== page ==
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Sport: Bull with a Delicate Air

3 minute read
TIME

In the chute at Calgary. Alta.. the brindled bull with a big O branded on his left hip stood placidly while the long-legged cowpoke settled gingerly on his back. Benny Reynolds, professional rodeo’s All-Around Champion, was frankly worried: “I couldn’t believe that anything standing that gentle would buck enough to impress the judges.” Then the gate swung open, and Reynolds learned better. Hoofs pounding, the old bull charged wildly into the arena, spun dizzily to his left, then suddenly reversed himself and spun to his right—and Cowboy Reynolds hit the dirt with a thump. “I looked up,” recalls Reynolds, “and one of the clowns was snapping a lead rope on him. Another clown got on his back, and they led him out of the arena. It was downright degrading. But it was sort of comical, too.”

The judge of a bucking bull is his meanness in the arena, and on that count, 14-year-old “Aught”—half Brahman, half Hereford—probably qualifies as the orneriest critter in captivity. Starting his 13th year on the rodeo circuit, he has been saddled with 482 riders—only six have managed to stay on his back for the required eight seconds. “Those six times, he must’ve been colicky.” says one cowboy. The roster of Aught’s conquests is the Who’s Who of rodeo: Harry Tompkins (five-time world champion bull rider), Billy Hand, Gid Garstead, Pete Crump, Tex Martin, Larry Condon. Recalls Tompkins : “He was really spinning, and all of a sudden, after seven seconds, he sort of stopped and flung me right up on his horns. I was in bad shape, helpless—-but he just turned his head, slipped me off, and walked away.”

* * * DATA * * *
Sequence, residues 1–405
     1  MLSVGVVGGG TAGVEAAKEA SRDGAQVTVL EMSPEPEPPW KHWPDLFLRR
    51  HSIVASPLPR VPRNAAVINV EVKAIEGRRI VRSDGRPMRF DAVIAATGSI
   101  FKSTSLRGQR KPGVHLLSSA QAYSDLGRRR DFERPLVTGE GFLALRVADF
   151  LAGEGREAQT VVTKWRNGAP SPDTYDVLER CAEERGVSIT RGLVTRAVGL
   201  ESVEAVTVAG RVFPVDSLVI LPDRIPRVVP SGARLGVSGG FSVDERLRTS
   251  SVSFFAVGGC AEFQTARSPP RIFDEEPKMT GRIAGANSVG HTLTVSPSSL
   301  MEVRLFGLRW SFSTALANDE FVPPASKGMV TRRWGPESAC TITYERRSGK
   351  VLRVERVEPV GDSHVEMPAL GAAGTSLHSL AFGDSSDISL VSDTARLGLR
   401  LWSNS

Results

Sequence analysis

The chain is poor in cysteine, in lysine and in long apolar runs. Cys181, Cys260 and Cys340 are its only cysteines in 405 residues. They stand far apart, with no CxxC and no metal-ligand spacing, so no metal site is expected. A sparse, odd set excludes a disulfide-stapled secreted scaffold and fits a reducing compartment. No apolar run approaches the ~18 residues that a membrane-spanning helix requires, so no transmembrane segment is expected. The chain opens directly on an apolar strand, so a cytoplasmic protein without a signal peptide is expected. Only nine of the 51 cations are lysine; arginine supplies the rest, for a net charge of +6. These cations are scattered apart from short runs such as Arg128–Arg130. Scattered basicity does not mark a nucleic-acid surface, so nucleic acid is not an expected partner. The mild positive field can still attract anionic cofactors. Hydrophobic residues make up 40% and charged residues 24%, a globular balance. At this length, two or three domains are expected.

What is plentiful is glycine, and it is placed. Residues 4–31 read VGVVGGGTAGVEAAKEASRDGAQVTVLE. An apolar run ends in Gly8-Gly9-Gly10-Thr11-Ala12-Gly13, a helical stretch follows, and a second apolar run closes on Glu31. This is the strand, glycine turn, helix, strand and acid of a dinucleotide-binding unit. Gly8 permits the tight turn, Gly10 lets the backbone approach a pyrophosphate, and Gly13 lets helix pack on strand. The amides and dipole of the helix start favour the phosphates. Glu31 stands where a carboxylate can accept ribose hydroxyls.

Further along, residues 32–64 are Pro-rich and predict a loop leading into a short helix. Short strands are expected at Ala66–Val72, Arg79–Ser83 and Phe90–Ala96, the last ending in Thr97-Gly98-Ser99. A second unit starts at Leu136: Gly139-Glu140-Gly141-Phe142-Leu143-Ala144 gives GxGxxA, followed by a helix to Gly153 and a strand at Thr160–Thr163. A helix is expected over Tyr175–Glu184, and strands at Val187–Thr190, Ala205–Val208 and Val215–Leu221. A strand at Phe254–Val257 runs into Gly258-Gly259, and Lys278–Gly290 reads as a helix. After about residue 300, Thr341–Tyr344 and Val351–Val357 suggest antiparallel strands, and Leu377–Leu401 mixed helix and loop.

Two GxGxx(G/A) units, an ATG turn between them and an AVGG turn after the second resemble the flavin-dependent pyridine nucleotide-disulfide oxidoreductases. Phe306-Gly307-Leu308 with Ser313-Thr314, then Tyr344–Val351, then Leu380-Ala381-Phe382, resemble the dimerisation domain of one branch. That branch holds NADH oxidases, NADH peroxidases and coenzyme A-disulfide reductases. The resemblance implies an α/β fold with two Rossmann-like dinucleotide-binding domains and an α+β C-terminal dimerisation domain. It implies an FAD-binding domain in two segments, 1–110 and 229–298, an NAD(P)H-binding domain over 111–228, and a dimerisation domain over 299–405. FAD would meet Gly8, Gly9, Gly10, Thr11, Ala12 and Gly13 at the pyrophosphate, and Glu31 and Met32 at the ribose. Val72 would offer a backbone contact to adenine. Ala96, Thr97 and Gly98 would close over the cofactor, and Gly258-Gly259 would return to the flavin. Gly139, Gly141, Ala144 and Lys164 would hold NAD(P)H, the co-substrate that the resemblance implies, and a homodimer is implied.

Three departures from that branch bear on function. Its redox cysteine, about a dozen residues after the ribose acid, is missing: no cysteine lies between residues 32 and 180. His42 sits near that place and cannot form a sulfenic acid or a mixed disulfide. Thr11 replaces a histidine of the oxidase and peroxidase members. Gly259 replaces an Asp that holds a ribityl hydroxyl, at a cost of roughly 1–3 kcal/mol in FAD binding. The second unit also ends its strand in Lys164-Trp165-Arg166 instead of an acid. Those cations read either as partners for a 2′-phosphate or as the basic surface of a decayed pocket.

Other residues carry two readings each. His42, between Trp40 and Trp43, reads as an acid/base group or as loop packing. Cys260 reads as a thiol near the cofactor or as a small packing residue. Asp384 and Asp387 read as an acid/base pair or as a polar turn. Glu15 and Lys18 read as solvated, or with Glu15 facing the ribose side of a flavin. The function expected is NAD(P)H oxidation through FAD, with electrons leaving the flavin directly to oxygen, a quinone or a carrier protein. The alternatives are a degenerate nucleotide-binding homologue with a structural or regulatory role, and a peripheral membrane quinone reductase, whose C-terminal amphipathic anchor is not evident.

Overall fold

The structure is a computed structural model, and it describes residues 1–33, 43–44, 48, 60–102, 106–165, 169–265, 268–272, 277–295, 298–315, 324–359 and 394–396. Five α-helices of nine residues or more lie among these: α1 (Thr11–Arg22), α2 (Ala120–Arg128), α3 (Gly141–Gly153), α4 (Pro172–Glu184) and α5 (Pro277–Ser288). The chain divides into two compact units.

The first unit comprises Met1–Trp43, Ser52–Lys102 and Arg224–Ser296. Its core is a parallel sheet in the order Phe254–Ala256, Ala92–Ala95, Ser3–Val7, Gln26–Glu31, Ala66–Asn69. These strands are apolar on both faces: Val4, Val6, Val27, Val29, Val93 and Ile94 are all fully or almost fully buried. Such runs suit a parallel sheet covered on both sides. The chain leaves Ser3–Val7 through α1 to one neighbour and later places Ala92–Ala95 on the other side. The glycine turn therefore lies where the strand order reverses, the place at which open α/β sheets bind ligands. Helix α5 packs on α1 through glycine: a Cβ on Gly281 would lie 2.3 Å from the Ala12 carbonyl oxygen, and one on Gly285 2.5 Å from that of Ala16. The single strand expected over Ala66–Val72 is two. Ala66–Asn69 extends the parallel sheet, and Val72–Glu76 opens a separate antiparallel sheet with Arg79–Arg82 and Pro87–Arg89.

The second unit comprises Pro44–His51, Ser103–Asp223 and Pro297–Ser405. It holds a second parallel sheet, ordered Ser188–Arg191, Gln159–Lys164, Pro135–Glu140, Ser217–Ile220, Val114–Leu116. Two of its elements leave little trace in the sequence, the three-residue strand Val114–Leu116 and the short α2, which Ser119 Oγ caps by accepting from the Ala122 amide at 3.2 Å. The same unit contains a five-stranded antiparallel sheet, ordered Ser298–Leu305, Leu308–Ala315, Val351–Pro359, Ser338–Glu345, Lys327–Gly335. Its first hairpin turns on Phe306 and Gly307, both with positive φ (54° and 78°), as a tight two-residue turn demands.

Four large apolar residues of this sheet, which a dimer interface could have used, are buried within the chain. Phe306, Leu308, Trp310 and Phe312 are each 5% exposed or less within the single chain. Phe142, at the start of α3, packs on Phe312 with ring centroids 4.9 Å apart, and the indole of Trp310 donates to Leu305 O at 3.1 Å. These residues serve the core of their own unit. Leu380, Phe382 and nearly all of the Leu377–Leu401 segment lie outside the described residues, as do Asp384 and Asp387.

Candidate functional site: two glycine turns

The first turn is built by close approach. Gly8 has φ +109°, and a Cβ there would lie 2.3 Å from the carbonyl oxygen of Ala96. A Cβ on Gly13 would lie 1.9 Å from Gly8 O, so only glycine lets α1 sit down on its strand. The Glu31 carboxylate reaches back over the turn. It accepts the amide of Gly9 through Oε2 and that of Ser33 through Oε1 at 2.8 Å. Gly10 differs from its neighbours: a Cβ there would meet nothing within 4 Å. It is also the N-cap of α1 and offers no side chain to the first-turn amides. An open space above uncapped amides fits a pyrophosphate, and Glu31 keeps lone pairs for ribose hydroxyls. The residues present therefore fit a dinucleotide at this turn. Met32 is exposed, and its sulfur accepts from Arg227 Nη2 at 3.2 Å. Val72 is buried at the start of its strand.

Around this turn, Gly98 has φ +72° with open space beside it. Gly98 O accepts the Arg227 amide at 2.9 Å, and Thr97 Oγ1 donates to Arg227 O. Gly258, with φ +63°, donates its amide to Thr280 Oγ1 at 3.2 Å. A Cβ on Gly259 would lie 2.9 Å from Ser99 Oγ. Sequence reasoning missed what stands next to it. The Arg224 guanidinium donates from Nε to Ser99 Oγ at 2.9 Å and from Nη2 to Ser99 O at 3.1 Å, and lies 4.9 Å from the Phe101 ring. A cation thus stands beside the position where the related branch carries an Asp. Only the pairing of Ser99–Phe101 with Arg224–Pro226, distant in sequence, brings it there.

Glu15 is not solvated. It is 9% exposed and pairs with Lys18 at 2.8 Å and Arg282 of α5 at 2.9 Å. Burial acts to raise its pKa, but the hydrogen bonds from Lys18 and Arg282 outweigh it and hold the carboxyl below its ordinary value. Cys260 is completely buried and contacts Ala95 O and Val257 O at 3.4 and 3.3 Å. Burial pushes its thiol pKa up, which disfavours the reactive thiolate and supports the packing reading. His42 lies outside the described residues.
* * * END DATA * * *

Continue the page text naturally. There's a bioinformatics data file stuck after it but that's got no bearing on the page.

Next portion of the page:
Tompkins had discovered the Ferdinand side of Aught’s complex personality. Outside of working hours, he likes people. He certainly hates other bulls. “In 1950, when I bought him,” says Aught’s owner, Washington Stock Contractor Joe Kelsey, “I tried putting him in with the other bulls. He tore into them. I tried putting him in a separate corral, but that didn’t work either. Corrals with a low fence, he’d charge right through, and when I put him in an arena with a six-foot fence, he’d jump right over it.” Now Kelsey tethers Aught to a stake in the ground, far away from the bull corral, and there Aught benignly holds court for the youngsters of Tonasket, Wash. He lets them pet him, pull his ears and tail, feed him hay, clamber all over his broad back. “I’m never afraid of Aught getting mean with people,” says Owner Kelsey. “Heck, he’s our family pet.”

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